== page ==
Need to know Things that sting or bite • Wear protective clothing and insect repellent to protect you from stings, scratches and insect bites, especially bites from ticks. Water • The availability of water in parks, especially for drinking, cannot be guaranteed so always carry enough for your own needs. • Any available water should be treated before drinking. Weather • Wear a hat, shirt and sunscreen to avoid sunburn even on overcast days. • To protect yourself against heat stroke: - Wear a hat and loose protective clothing. - Drink 3-4L of water per day when walking. - Walk in the cooler times of the day.

Emergency information Emergency contacts For all emergencies contact Emergency Services on 000 or 112 on mobiles. • If you are at the location where urgent emergency help is required and you have an emergency beacon such as a PLB or EPIRB, activate it. • Phone 13 33 37 for updated recorded messages from the Department of Fire and Emergency Services (DFES). • Check for bushfire and smoke alerts at and for alerts directly related to parks and major trails at • Mobile phone coverage is often better from the tops of hills. • Contact the Police in non-emergency situations on 131 444. Fire emergencies In the event of a bushfire visitors should: • immediately contact Emergency Services on 000 or 112 on mobiles • safely leave the area as soon as possible • follow all advice from Emergency Services, police, rangers or Parks and Wildlife Service officers • tune into ABC radio for updates on fires or fire bans.


Need to know Tourism information The best place to start for accommodation, tours and things to do on your Western Australian holiday is at More information on each of the five tourism regions can be found at • • • • •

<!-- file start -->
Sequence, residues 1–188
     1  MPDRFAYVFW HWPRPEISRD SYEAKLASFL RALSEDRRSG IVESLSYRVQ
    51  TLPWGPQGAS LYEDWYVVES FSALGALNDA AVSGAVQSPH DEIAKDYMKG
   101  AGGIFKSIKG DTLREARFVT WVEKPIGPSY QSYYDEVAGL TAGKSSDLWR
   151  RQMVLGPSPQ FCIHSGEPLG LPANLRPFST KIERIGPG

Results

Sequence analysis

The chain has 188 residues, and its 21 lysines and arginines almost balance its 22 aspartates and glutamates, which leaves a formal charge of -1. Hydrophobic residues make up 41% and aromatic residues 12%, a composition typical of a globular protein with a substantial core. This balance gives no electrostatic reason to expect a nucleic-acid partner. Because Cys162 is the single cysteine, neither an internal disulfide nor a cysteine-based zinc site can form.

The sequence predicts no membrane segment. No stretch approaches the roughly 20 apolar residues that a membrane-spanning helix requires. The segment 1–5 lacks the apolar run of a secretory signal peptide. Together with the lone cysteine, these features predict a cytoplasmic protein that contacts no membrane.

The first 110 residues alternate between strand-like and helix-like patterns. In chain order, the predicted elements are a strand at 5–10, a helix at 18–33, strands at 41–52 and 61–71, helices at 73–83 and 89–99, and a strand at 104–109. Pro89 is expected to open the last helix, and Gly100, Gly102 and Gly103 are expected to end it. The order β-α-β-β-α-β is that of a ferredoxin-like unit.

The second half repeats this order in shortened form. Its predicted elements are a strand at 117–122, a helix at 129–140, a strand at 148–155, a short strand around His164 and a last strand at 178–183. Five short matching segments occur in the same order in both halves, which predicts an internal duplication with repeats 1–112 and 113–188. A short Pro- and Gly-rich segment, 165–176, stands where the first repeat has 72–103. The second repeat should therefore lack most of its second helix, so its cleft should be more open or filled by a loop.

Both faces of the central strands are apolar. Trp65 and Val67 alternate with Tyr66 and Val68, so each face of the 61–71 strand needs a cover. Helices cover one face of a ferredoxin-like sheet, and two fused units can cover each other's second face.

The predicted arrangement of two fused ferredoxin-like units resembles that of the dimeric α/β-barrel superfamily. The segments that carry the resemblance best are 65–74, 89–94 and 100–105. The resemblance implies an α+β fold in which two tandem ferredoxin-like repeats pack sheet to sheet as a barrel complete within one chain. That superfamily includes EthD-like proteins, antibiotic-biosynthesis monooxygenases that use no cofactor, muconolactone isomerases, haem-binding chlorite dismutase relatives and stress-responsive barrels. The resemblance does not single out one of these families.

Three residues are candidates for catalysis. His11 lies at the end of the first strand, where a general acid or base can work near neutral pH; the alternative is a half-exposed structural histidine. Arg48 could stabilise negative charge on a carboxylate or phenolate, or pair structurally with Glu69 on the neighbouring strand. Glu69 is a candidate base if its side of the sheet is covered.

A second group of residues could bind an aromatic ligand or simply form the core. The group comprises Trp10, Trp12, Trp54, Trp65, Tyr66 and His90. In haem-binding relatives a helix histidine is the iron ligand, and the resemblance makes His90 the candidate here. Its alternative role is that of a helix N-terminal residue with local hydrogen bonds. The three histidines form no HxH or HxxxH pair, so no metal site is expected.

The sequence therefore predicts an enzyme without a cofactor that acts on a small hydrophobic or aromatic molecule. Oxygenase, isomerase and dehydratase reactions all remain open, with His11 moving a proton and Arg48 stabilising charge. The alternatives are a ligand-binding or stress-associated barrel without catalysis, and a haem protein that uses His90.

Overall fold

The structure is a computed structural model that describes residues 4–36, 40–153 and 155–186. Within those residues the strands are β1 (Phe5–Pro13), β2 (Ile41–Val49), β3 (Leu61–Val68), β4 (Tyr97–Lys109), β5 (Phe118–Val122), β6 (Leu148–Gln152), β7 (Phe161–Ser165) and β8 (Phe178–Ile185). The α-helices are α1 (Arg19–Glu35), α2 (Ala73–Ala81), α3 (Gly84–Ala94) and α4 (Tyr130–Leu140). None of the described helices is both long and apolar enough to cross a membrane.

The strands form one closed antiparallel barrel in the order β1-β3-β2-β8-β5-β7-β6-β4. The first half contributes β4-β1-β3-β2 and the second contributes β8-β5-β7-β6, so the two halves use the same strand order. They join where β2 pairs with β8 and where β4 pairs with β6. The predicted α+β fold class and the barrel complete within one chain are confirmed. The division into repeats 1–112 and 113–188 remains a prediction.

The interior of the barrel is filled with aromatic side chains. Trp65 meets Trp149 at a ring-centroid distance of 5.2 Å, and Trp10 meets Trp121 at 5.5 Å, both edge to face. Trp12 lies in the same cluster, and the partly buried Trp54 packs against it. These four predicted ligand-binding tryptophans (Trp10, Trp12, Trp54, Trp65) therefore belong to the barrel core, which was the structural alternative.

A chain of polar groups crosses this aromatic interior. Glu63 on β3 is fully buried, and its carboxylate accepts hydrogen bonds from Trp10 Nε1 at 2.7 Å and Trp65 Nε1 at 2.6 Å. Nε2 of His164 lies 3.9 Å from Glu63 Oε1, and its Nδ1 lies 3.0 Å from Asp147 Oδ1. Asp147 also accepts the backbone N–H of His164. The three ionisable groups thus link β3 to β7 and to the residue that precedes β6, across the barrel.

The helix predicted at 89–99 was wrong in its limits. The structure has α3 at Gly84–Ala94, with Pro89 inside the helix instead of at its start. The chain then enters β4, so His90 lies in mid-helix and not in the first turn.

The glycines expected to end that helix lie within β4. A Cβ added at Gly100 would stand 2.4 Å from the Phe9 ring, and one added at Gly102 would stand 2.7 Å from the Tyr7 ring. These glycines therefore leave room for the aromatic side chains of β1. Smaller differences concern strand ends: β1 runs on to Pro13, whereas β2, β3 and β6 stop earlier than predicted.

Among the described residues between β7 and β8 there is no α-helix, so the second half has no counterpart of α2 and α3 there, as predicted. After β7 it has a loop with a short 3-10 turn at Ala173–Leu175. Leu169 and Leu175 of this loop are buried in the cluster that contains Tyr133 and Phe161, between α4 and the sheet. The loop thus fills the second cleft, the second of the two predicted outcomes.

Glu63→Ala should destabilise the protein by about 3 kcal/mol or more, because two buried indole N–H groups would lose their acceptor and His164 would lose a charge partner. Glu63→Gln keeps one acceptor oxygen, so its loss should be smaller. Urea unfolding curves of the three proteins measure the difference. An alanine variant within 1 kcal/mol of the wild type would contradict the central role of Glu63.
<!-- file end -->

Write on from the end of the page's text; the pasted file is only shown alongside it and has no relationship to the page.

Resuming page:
Choosing accommodation and tours All accommodation providers and tours operating in national parks are accredited. When you choose an operator who has the ‘tick of approval’ you can expect: • professional customer service • accuracy in advertising • sound environmental practices • compliance with health and safety standards • an appropriately licensed and qualified operator. Search for accredited accommodation and tours at and at

Aboriginal cultural experiences Aboriginal operators conduct events and tourism businesses in a number of WA’s parks. They represent a range of language groups, each with unique culture, and share stories, songs, dances and ‘bush tucker’ on their traditional country. You can find many of these unique experiences on the Western Australian Indigenous Tourism Operators Council (WAITOC) website at or ask for details at local visitor centres as you travel.

Visitor centres Accredited visitor centres display the blue and yellow “i” symbol and can help with maps, accommodation, tour bookings and, most of all, local knowledge. Location and other details for accredited visitor centres can be found at

WA Naturally Publications

Let WA Naturally Publications add to your enjoyment and understanding of WA’s natural environment and its inhabitants. Find them in good bookstores, visitor centres, newsagencies, Parks and Wildlife Service visitor centres (see p61) and online. For all online purchases visit


Park Need information to know Tourism regions This guide has been divided into Western Australia’s five colourcoded tourism regions to help you find your way to more than 100 of the most popular parks in the State.

Legend Key visitor information as well as the facilities and activities available in each park are indicated by these symbols. Accommodation $ Attraction fee


Munda Biddi Trail Open fire place

Barbecue – electric or gas

Picnic area

Bibbulmun Track

Scuba diving

Boat ramp

Shelter or hut

Camping area


Camping fees apply




Caravan area




Dogs on leads

Visitor centre

$ Entrance fees

Walk trail


Water skiing

Four-wheel-drive access

World Heritage Area



Australia’s North West

EXPERIENCE ‌ remote ancient landscapes from scenic flights and coastal cruises to self-drive tours.


Australia’s North West

Purnululu National Park

Warning: Saltwater (estuarine) crocodiles In coastal and inland waters of the Pilbara and Kimberley beware of crocodiles. Be Crocwise and seek local advice from Parks and Wildlife Service offices. 12

Australia’s North West